Tuesday, September 14, 2010

A Little Bit of Everything

Can a horse's back change that dramatically in the matter of a week or so? I think that Milo's has. Ive been working on poles, backing, anything to help raise his back up and develop a stronger topline. Yesterday I put the saddle on Milo (hadnt been on in four days) and I sear it fit better than it ever has before.

When Milo was growing there was a period of time when I was riding him in a semi QH bar saddle and it was too narrow. It ended up creating these bulges on his shoulders. The saddle fitter said it was due to the pinching saddle. Its been about 8 months now of conscious saddle fitting awareness that I have been working on reducing the bulges and building up the hollows on either sides of his withers, along with developing a stronger topline.

This new saddle I got about maybe two months ago fit well when I first got it, sits a little downhill on him (well, he is downhill) after removing the reverse wedge Cashel pad I had previously been riding him in. Lately I have only pu my folded over wool saddle blanket on. I read somewhere, I think it was Clinton Anderson who said it, that less is more. A well fitting saddle doesnt need anything else to make it fit. Anyways, the saddle fit well on his back, but was a little tight where those bulges still are. However yesterday I really noticed how reduced those bulges have become and that he is filling in the hollows on the sides of the withers.

This does make sense, Ive been working on keeping him really relaxed through his poll, neck, and topline, therefore relaxion would reduce tension (Milo holds his tension at his poll and where those bulges are). Combine that with the pole work and working him consistetly on lifting his back and using his core, means a changed topline. I was really happy to see how well the saddle was fitting.

On to the ride yesterday, I was really aware of my seat, but not too focused on it to cause any tension. I think my last bareback ride really helped secure my seat a bit better, and I wasnt bracing in the stirrups, I actually had very steady quiet legs. I began by a relaxed walk, stretching him out and getting ready for our work to come. I than moved into the jog and worked on our squares a bit and keeping him working off my legs well. In these two gaits I was really having Milo hold himself up and have some self carriage. I didnt have to do all the work for once! He was holding himself in frame and working nicely.

When I moved into the working trot, he needed a bit more assistance on my part, which is fine, and I had to go two handed and keep my hands steady where he needed to be. I really only needed my hands for support for him, as my legs where asking him to stay rounded and collected. We worked at the trot for a while, went over some poles, did some circles and worked off my legs nicely. When I pushed him into the lope he was so balanced and ready he transitioned into it so smoothly! None of the head in the air, crazy trot steps. It was really nice. It took a lap or so at the lope to get him back into a relaxed and low frame but once he got pushed into it he held it nicely. I ended up trying to work on lead changes again, but he just wasnt getting the flying cue. Its ok. I brought him down to simple changes instead and tried to get some solidity at that.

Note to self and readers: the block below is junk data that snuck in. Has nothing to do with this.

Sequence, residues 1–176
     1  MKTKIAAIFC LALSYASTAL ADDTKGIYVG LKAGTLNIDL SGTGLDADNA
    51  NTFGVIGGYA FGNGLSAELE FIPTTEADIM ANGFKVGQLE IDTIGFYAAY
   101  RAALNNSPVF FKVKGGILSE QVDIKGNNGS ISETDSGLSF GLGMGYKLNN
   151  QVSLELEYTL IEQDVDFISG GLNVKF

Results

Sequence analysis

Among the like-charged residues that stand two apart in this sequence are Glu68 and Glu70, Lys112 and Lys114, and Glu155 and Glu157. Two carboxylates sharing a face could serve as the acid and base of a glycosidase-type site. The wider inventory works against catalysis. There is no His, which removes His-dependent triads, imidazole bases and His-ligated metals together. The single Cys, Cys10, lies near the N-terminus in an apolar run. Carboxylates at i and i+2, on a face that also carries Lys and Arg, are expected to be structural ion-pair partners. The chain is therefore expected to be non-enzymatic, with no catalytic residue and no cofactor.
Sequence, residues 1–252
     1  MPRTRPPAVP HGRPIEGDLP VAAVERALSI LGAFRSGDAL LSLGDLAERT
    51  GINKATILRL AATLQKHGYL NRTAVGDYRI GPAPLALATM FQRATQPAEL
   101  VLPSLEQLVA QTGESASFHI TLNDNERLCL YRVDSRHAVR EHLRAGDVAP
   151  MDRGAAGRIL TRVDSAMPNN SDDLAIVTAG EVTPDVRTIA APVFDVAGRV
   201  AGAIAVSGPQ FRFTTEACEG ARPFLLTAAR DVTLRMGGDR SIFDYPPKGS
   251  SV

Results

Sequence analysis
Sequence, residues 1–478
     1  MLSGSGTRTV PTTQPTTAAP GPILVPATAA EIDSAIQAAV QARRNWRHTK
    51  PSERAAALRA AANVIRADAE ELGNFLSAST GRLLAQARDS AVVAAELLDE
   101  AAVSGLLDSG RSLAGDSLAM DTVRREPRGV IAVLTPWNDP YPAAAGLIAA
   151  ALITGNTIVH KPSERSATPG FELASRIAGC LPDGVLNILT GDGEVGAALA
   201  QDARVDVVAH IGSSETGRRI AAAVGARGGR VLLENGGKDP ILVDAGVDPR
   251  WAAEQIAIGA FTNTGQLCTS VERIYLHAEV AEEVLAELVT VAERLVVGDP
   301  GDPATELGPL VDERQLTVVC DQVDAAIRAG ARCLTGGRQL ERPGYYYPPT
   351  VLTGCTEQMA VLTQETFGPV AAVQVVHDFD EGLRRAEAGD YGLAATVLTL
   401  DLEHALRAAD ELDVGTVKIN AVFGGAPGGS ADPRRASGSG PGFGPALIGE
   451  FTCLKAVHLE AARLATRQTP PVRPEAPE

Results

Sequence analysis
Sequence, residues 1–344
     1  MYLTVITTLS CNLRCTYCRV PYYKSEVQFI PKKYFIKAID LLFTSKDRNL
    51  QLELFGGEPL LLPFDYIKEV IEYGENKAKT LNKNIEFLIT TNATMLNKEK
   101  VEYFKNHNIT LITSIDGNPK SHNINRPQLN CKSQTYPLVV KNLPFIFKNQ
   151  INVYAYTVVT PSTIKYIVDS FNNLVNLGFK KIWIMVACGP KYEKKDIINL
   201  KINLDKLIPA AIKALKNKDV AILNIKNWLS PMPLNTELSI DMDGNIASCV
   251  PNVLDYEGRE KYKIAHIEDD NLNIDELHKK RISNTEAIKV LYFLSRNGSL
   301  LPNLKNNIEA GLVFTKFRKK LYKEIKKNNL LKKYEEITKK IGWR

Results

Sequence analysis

Once during loping to the right, I swear Milo had what I had been told through the comments, may be "catchy stifles". His inside hind just didnt seem to swing through in the lope, it seemed to get stuck. He recovered and we continued but it is really puzzling me. I think a phone call to the vet may be a good option just to see what he thinks about it. I tried researching about it online but didnt find anything.

But in good news, during our lope (to the left) Milo was the most relaxed and round he has ever been at the lope for about three solid strides. It was amazing! To top that off, I had a really secure and quiet seat, coupled with my quiet and steadier legs. I was also sitting more balanced and centered and wasnt leaning forward (it at least felt like I was correct). There was a long time during our lope work that he and I just felt like a real team. He was working really well, and I was riding that really well too. It was a very proud moment I must say :)

And lastly, Milo again pleased me when he stood quietly ground tied in the aisle-way. He just ceases to amaze me.

He is getting his hooves trimmed this morning (love my farrier for being able to trim while Im not there - and Milo too for being a good boy for him) but should be fine for a ride tonight. I am really hoping to hit the trails sometime soon before the last fragments of good weather is gone. Milo deserves a ride without having to work too hard, especially since he has been so consistently good. :)

1 comment:

in2paints said...

Sounds like you're both making progress! :)

The problem with "catchy stifles" is I can never seem to get my mare to do it in front of the vet. I had Lilly checked a couple of times, especially during her tendon rehab earlier this year because it seemed to happen a lot during our walks. My vet thought it was just because she was losing muscle from being in a stall 24 hours a day and being unable to move around freely. I even had her adjusted (my vet is also my chiro) just in case.

She hasn't done it as much lately, but when she does, it is really noticeable.

I hope you're able to find out what's going on with Milo's catchy stifles!